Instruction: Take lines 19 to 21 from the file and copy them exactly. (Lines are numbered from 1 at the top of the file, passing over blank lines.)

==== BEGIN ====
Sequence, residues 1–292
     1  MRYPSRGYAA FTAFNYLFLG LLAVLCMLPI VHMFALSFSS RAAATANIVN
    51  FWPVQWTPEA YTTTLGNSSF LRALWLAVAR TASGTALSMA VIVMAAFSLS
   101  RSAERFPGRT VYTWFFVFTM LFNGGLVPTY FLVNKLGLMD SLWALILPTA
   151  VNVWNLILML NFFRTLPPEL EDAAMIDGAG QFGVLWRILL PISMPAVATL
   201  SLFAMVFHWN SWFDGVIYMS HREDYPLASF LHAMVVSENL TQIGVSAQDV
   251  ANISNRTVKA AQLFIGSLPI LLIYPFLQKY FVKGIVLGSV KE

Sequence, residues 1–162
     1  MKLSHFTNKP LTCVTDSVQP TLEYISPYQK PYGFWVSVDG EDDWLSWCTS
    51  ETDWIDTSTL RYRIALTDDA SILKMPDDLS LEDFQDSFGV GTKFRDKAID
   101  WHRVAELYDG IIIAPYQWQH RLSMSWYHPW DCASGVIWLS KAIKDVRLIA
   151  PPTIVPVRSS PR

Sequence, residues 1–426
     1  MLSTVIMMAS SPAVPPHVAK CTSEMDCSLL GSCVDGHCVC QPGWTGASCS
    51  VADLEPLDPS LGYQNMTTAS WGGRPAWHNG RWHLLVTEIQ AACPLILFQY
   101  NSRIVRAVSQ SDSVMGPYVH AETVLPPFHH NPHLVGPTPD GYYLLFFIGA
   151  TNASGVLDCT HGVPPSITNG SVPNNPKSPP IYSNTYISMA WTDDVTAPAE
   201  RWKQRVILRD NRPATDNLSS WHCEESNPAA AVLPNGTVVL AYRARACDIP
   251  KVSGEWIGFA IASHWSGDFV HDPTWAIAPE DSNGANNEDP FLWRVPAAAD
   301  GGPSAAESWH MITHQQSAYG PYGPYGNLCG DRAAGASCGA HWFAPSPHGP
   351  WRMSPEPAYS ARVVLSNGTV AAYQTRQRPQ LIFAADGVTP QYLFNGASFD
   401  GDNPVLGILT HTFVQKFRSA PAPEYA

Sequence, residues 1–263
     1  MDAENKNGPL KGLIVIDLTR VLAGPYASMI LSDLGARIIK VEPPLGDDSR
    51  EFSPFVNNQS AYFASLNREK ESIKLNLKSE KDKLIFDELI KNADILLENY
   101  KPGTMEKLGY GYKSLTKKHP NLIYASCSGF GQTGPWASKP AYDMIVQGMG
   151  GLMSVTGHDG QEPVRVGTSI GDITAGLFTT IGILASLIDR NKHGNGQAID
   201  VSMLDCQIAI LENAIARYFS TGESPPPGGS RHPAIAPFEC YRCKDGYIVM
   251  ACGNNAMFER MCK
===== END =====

   251  KVSGEWIGFA IASHWSGDFV HDPTWAIAPE DSNGANNEDP FLWRVPAAAD
   301  GGPSAAESWH MITHQQSAYG PYGPYGNLCG DRAAGASCGA HWFAPSPHGP
   351  WRMSPEPAYS ARVVLSNGTV AAYQTRQRPQ LIFAADGVTP QYLFNGASFD